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Judge Rejects Meadows' Bid to Move Georgia Election Interference Case to Federal Court; Meadows Loses Bid to Move Case to Federal Court as Report Reveals Georgia Panel Recommended Charging 39; Police Say, Search Perimeter for Fugitive Inmate Shifts West; President Zelenskyy on Ukraine's Counteroffensive; White House Situation Room Gets $50 Million Makeover. Aired 6-7p ET

Aired September 08, 2023 - 18:00   ET




WOLF BLITZER, CNN ANCHOR: I'm Wolf Blitzer in THE SITUATION ROOM, and we're following major breaking news. A decision has just been reached in Mark Meadows' bid to make his case in the sprawling Georgia election interference probe moved to a federal court.

A federal judge has just rejected the former Trump White House chief of staff's arguments, dealing a major setback not only to Meadows but also potentially to former President Donald Trump, who just yesterday notified the judge overseeing the case that he too may try to move his case from state to federal court.

CNN's Sara Murray is following all of these important developments for us. What more can you tell us about this monumental decision?

SARA MURRAY, CNN POLITICAL CORRESPONDENT: Well, Wolf, we have been waiting for this ruling right? Because Mark Meadows, the former White House chief of staff was the first one out of the gate saying he wants to move the charges against him in state court to federal court. A big part of the reason that he was doing this was because he wanted to go to federal court and argue essentially that he had immunity from these charges and that they should be tossed out.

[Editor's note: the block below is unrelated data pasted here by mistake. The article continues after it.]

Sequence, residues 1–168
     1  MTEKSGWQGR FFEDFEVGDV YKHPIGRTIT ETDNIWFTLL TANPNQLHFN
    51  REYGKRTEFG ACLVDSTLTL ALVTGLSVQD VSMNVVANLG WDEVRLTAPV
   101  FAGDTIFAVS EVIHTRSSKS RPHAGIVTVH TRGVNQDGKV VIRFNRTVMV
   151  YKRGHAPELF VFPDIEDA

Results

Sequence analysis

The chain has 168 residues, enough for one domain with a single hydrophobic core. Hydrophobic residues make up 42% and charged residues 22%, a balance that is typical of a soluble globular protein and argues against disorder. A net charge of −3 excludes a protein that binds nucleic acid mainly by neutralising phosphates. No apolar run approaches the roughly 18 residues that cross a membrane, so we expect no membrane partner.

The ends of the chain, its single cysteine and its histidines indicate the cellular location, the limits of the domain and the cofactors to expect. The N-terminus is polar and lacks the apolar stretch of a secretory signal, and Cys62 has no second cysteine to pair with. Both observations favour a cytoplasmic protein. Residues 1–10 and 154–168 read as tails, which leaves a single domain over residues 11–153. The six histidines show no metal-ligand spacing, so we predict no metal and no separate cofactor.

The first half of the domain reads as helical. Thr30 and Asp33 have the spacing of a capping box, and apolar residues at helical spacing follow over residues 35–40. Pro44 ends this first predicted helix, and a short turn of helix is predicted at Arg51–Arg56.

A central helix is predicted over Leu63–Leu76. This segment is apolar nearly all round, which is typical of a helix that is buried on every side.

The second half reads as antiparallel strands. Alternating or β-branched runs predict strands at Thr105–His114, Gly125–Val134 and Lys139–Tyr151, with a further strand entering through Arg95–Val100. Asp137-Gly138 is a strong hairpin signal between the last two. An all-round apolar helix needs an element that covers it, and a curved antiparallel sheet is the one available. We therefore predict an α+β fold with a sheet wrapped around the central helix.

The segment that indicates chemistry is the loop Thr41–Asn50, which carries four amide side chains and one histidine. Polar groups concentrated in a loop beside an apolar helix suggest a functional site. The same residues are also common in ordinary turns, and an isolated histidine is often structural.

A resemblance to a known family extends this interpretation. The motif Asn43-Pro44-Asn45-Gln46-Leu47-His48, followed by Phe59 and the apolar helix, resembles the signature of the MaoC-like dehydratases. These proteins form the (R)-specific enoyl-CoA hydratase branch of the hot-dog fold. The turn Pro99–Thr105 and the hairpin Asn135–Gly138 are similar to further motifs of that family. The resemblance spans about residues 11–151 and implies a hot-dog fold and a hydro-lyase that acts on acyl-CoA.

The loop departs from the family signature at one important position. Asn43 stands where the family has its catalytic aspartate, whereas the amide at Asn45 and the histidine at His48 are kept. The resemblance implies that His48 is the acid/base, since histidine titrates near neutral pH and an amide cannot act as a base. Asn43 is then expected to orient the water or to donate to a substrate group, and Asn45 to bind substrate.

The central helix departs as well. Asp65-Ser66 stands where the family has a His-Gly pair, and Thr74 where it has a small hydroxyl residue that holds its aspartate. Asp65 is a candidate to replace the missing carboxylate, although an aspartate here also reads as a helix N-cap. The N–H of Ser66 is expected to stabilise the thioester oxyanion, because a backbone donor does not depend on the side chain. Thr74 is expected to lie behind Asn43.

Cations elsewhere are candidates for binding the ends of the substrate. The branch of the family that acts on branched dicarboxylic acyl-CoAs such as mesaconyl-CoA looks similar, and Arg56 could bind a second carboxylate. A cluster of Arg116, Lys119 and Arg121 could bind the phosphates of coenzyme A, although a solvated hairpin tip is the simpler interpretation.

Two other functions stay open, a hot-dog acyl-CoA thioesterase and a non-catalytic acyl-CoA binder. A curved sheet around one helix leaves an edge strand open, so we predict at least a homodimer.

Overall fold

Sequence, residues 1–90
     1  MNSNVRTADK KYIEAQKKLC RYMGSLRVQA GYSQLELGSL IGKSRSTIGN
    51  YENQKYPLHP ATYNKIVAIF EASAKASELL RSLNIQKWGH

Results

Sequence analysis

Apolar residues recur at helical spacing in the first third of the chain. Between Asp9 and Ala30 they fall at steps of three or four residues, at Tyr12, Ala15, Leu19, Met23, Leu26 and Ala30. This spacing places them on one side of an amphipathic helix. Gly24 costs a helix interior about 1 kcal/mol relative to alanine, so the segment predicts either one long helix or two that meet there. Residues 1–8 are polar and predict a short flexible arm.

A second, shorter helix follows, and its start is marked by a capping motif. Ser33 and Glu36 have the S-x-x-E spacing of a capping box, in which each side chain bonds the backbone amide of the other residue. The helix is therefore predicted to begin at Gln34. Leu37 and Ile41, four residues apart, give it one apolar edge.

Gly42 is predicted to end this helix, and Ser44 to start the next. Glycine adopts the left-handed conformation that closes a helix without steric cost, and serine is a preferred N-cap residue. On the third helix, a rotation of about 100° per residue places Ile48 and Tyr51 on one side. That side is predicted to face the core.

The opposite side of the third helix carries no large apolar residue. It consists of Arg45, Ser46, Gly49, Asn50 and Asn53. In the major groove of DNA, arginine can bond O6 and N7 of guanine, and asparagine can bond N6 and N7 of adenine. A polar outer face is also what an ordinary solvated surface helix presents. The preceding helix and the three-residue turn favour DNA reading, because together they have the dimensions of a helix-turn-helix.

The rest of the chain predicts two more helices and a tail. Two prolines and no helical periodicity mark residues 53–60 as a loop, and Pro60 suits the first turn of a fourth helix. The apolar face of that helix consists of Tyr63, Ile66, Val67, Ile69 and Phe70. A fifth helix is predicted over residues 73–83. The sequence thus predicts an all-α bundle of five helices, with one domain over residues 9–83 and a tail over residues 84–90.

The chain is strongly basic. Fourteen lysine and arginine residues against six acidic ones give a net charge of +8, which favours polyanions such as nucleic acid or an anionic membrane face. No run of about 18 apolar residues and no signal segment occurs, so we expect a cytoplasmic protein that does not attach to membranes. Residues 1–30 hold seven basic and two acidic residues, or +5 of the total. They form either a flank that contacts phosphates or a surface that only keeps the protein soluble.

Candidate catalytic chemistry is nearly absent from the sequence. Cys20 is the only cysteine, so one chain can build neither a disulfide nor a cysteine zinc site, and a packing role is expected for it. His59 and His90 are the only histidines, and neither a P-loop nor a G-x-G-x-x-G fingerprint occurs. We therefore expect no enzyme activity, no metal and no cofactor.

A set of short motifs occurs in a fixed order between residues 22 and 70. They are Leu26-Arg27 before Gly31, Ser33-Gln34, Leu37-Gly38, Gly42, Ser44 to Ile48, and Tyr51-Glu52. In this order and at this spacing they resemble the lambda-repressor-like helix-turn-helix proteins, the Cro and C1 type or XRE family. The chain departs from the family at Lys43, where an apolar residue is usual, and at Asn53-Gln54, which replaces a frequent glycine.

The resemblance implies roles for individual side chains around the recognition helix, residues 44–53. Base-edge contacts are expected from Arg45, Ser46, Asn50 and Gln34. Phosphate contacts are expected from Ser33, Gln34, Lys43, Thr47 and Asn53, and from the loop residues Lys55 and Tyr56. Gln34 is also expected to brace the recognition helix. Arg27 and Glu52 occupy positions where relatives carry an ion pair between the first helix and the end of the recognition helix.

And what we are now hearing from the federal judge is that Mark Meadows did not meet the threshold he needed to meet in order to move this to federal court. In fact, the judge says the court concludes that Meadows has not met even the, quote, quite low threshold for removal.

Now, the judge does note this is a novel case. This is a racketeering case. But he goes on to say that the court finds that the color of the office of White House chief of staff, which is what Mark Meadows needed to prove that he was acting under the color of the office, did not include working with or working for the Trump campaign.

So, essentially, these activities that Meadows engaged in after the 2020 election allegedly related to trying to overturn Georgia's election results had more to do with campaign work than had to do with his White House work. So, they don't meet the threshold.

The other thing I think is important to note is that the judge goes on to say, even though he is making this decision about the Meadows case, it's not going to have any effect on the outcome of other defendants. He's essentially going to let them go forward, put their arguments forward.